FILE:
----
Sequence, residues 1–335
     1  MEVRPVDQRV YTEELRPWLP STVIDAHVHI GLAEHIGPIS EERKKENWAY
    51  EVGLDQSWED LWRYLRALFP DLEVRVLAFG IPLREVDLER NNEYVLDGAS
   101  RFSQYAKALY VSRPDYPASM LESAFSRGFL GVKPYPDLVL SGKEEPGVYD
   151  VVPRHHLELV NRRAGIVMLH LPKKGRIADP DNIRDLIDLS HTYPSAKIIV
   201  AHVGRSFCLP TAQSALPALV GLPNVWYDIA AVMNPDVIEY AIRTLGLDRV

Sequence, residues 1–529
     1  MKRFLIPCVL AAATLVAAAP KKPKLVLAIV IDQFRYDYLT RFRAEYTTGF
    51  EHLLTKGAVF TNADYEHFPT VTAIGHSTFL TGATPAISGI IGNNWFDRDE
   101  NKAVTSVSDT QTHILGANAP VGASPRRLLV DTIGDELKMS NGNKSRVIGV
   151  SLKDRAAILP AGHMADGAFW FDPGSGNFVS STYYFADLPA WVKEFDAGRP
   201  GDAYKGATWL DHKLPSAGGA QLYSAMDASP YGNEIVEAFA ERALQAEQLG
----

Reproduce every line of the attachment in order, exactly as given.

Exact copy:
Sequence, residues 1–335
     1  MEVRPVDQRV YTEELRPWLP STVIDAHVHI GLAEHIGPIS EERKKENWAY
    51  EVGLDQSWED LWRYLRALFP DLEVRVLAFG IPLREVDLER NNEYVLDGAS
   101  RFSQYAKALY VSRPDYPASM LESAFSRGFL GVKPYPDLVL SGKEEPGVYD
   151  VVPRHHLELV NRRAGIVMLH LPKKGRIADP DNIRDLIDLS HTYPSAKIIV
   201  AHVGRSFCLP TAQSALPALV GLPNVWYDIA AVMNPDVIEY AIRTLGLDRV

Sequence, residues 1–529
     1  MKRFLIPCVL AAATLVAAAP KKPKLVLAIV IDQFRYDYLT RFRAEYTTGF
    51  EHLLTKGAVF TNADYEHFPT VTAIGHSTFL TGATPAISGI IGNNWFDRDE
   101  NKAVTSVSDT QTHILGANAP VGASPRRLLV DTIGDELKMS NGNKSRVIGV
   151  SLKDRAAILP AGHMADGAFW FDPGSGNFVS STYYFADLPA WVKEFDAGRP
   201  GDAYKGATWL DHKLPSAGGA QLYSAMDASP YGNEIVEAFA ERALQAEQLG